As in childhood, the gentility of verandas
and gardens, of tea and its trappings, made me
anxious. But it took very little time for someone
to disappear from that world. The cane fields
that separate civility from the rough shoreline
allow anyone, upper crust or field hand, to disappear.
Down one of many dirt rows, the line cut as straight
as the cane planted on either side, one rushes
from the cultured world to an untouched one.
Out of the cane fields, out from their wind-rippled leaves
shepherding you onward, one finds the sand
and sea awaiting as if discarded by a retired god.
The setting sun’s red and orange fingers tried,
unsuccessfully, to reconfigure the seven shades
the water’s varying depths reflected, but all
that changed was the sea foam once white now pink.
The English painter, who visited here once, wrote
that the daily gaudiness of this sight made one
long for the nuance of dimming light at dusk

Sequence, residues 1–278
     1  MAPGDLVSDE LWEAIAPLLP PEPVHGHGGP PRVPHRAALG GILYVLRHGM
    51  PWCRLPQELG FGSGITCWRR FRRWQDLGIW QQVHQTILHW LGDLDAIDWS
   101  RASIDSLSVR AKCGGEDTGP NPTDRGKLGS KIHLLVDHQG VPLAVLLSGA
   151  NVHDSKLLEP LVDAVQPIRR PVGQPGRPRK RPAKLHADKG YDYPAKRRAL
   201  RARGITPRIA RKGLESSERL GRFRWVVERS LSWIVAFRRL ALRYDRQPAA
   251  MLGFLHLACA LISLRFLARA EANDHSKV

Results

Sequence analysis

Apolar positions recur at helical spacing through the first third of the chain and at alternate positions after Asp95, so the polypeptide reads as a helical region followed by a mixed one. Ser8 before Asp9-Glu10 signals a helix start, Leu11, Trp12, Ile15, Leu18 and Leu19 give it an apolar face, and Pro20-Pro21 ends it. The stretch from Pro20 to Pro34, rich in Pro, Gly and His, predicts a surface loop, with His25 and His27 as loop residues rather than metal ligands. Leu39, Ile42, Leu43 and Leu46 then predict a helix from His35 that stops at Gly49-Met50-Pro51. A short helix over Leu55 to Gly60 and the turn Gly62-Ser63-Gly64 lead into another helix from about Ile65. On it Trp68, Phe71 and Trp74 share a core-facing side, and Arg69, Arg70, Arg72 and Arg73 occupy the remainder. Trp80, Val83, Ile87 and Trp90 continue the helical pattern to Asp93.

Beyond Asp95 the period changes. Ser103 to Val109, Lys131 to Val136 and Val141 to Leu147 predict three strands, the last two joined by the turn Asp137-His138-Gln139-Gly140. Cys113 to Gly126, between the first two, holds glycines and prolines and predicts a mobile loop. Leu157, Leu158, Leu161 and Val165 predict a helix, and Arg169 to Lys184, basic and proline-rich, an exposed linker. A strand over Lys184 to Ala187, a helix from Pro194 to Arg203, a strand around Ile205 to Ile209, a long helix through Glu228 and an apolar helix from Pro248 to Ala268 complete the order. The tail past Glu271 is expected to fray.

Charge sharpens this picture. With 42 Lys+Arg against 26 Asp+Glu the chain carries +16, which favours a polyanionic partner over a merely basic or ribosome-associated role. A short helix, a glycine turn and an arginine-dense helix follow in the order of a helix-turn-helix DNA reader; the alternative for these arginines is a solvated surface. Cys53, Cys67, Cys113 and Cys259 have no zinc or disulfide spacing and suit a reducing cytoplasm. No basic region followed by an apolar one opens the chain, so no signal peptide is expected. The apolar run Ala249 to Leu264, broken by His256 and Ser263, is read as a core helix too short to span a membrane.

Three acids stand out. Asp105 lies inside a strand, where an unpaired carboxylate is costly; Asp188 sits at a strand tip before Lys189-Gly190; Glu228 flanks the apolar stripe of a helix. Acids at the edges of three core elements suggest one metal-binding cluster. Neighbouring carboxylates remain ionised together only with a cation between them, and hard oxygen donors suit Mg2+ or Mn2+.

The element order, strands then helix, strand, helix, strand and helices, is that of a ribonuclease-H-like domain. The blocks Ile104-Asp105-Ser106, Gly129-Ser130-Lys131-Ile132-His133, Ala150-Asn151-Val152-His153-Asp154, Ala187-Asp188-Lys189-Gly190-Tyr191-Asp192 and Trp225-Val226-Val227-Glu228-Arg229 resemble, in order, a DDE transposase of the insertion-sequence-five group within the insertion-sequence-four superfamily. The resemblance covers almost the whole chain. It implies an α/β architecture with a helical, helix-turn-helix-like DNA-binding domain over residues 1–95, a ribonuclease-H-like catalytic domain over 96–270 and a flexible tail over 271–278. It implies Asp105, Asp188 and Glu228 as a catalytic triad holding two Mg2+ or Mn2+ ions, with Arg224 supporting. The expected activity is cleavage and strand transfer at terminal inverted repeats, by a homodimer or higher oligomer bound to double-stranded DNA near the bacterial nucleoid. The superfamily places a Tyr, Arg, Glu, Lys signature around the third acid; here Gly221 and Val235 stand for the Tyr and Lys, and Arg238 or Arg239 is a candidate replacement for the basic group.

as it smudged its charcoal over a Hampshire field.
All I can say is it takes a certain temperament
to prefer a sunset in Hampshire to a sunset
in the Caribbean. I do not have such a temperament.
I prefer a scene that requires oils instead of charcoal.
The shore empty, the sun no longer visible,
the water’s colors finally succumbed and darkened
to night, the same as that settling over us from above.
Not the sunset, but the time following sunset:
the day’s Technicolor displays erased. Alone
on the soft sand, the surf mumbled the old language.
Like my great-great-grandmother who visits me
in dreams, it said: Salt or no salt, trust no one.
It is difficult for one like me to disregard the sea
and the cane fields. I am perfectly aware this place
is no longer my home, but the sea says Truth is truth,
and the cane field says Like the machete, you belong to me.
from PrometeoFind more by C. Dale Young at the library
Copyright © 2021 C. Dale Young
Used with the permission of The Permissions Company, LLC on behalf of Four Way Books.